"You got it!".  Time to get your lawyer on board, get contingencies looked after and bring this deal to an executed contract.   

Don't screw it up now, whether you are a buyer or a seller.   Outsmarting yourself will accomplish nothing.  Four guidelines to keeping the transaction moving smoothly-- and by the way, are good operating instructions for life anyway.

Be Reasonable.  Unless you are buying a spanking brand new house, where everything is supposed to be "perfect", there will be things that are not right nor perfect found in the building inspection.  Expect this.  The questions to ask yourself are:  Is this normal wear and tear, is it dangerous, is it as it was presented in property disclosures and marketing materials?  The answer to these questions gives you insight into who should pay for remediation.

On an accepted offer in the inspection phase this week, the building inspector found that the jets in the spa of the pool weren't working.  
Never in the showings nor marketing materials, was there an indication that anything wasn't working.  When the owners' learned of the non-working jets, they had no problem having this $500 item replaced.  They understood that if you advertise a pool and spa, the buyer assumes it's working.

At this same inspection, one of the chimneys was found to have some bricks that are going to need repointing.  Shifting of bricks on the chimney are normal wear and tear.  The buyer will be handling that one.

In the septic inspection, the septic company noted that the traps which access the pipes in the leeching fields were loose and several broken, allowing soil and leaves to seep in.  To replace the traps and clean them out will be $1,500.  This issue could be argued either way I suppose but here, the owners immediately said they would take care of it.  They are "that kind" of people.  They want to have a transaction where everyone feels it was fair and there is no animosity.  

Have a Compromising Mindset.  What can you live with?  What seems equitable for both sides?  Look at each issue from the buyer and seller side, regardless of which one you are on.  

Follow the Lead of Your Attorney and Realtor.  These are your quarterbacks.  They have had a lot more experience in real estate negotiating than you probably have.  Assuming they are competent and level headed, they can guide you through the process and any sticky wickets.

Leave the Drama Out Of It.  This isn't the stage nor big screen.  Stay calm and Breath deeply. Like most things in life, no one will remember the details but they will remember how you handled them.

NOTE:  For those of you who read last week's post on the Bidding Wars my clients were under, they had an accepted offer and the inspections and contract preparation process couldn't have gone more smoothly.  To see that blog go to:

Monday, December 2, 2013

Bidding War Rights and Wrongs

Last week was a rough one.  I have been working with an absolutely lovely family, looking to relocate to Greenwich from Westchester county now that the last of their children will be entering college next year.  Like many, they are attracted to Greenwich's low tax structure, the vibrancy and diversity of the town, and the ease in getting to New York City.  After a thorough search, they found a property that hit all the marks for them and presented a bid.  There was the usual back and forth with offers and counter offers, as well as tweaking of terms, until an agreement was reached and the offer was accepted.  Inspections took place in record time, with accommodating professionals working over the weekend to get them completed.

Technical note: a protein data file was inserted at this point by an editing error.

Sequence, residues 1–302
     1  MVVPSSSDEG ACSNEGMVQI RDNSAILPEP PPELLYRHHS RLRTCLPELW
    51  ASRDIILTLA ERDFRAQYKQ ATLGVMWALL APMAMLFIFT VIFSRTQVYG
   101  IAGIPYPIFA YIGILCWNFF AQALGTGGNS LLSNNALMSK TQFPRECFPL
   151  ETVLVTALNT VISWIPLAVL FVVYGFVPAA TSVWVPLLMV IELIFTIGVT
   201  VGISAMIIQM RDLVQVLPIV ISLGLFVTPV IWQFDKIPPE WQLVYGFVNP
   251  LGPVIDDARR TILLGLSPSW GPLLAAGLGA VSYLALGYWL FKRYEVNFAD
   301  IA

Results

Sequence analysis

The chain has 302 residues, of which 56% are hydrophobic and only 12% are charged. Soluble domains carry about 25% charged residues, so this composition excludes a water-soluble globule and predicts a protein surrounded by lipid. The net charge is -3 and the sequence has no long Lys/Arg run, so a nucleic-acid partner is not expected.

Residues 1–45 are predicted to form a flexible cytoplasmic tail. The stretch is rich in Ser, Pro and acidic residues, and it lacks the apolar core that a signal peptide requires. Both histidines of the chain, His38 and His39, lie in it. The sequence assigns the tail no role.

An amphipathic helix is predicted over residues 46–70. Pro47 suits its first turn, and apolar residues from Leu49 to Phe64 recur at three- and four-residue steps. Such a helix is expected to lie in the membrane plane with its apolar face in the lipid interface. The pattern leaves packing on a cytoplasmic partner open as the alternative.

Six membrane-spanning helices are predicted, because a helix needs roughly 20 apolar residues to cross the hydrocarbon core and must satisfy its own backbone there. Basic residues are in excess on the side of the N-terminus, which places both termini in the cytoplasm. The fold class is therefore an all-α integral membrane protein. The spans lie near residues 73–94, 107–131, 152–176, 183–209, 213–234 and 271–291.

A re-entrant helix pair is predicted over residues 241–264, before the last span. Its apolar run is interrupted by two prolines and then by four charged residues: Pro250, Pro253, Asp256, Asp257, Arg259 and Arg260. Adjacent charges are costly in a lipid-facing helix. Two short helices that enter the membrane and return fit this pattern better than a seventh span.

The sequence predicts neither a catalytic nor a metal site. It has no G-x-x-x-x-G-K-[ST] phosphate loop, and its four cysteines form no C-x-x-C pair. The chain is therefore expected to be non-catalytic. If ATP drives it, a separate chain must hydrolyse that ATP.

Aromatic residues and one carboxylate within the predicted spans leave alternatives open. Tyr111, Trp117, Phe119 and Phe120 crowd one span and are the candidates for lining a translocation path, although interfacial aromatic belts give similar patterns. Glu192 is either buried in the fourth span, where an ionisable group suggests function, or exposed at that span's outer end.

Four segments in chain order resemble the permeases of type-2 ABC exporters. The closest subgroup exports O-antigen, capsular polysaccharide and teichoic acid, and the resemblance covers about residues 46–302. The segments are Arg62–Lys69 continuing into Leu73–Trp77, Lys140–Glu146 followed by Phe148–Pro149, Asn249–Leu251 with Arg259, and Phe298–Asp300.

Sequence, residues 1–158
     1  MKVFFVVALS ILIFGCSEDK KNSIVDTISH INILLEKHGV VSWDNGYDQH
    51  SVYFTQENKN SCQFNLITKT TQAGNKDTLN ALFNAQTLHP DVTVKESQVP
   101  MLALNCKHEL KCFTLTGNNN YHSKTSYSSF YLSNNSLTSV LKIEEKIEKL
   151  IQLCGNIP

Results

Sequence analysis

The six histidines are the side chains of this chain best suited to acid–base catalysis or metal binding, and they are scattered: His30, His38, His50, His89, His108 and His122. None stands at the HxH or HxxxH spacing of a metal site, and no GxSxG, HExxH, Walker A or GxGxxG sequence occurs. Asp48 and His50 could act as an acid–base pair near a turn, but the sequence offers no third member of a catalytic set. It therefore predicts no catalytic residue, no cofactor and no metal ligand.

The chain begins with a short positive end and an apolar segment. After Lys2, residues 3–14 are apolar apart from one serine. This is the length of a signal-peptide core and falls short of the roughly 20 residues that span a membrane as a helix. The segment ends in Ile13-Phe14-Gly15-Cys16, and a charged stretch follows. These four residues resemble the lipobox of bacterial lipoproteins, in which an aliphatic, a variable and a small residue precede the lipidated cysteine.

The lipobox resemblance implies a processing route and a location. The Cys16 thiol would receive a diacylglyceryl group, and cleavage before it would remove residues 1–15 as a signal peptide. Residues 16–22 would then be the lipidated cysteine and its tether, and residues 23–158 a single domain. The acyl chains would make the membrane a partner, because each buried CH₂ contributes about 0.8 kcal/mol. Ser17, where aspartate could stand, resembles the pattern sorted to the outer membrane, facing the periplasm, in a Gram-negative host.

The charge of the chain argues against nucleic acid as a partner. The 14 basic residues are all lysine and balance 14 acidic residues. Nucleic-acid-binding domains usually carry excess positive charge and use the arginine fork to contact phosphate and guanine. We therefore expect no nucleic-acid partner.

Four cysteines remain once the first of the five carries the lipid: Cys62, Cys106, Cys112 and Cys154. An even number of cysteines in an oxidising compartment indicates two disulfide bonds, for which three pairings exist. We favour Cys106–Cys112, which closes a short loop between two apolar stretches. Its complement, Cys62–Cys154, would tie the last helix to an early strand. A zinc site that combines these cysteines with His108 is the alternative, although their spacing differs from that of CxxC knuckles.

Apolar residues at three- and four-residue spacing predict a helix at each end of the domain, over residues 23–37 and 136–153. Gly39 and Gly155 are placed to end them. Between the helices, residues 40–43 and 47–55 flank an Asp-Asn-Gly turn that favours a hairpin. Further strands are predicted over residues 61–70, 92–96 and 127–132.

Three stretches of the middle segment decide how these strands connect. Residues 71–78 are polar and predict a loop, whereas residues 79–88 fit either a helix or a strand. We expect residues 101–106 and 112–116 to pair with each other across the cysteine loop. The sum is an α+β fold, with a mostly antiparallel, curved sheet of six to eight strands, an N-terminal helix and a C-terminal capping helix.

Then, a hiccup occurred.  
Another offer was presented to the owner.  We are seeing multiple bids with increasing frequency in Greenwich, and particularly in Old Greenwich and Riverside.  No one likes it, but it happens.  After a painful three days, which culminated with the owner's decree that the "first signed contract wins" and two contracts sent out at once, my clients lost the house.  Is "shopping a bid" and pitting one buyer against another ethical, fair or right? 

You can put yourself in the Buyer #1 and Buyer #2 shoes as well as the owner's ,and come to your own conclusion.  When you do that, don't leave out the part where Buyer #1 has spent a few thousand dollars on inspections and been told that their offer has been accepted.  The above process surely didn't show Greenwich to it's best advantage and sure made it look like money trumps all else.

Fast forward to yesterday.  My buyers found another property that they like.  It has an offer on it already (do we have a knack for this multiple bid thing, or what?).  Here's how this seller's realtor is proposing to handle it.  Highest and best offers will be submitted to the seller's attorney.  I like this.  It feels fair and impartial.  I am particularly impressed with this realtor in that the other offer is from within her brokerage.  Thank you Ms. Realtor for showing my buyers what I think of as the "real" Greenwich and it's people.  

For buyers who find themselves in this uncomfortable situation, I'd offer the following:

1.  Determine Your "I won't feel bad to have lost the house" Bottom Line Price:  Ask yourself at what price would you be okay knowing you lost the house.  Will that extra jump or two really make the difference six months or one year down the line or will the time it takes to find another property that you like result in higher market prices since we are in an appreciating market?

2.  Understand How the Property Sits, Value-wise, in the Current Market: Look at 3 and 6 months comparable sales in terms of location, square footage, lot size, amenities, condition, style of house, layout of floor plan and construction quality.  

3.  Don't Underestimate What You Will Need to Spend if Renovation or Updates are Needed:  If this is a property that is going to take some work to get it to the place that you need it to be, be sure that a builder or professional looks at it and gives you a sense of what this will cost.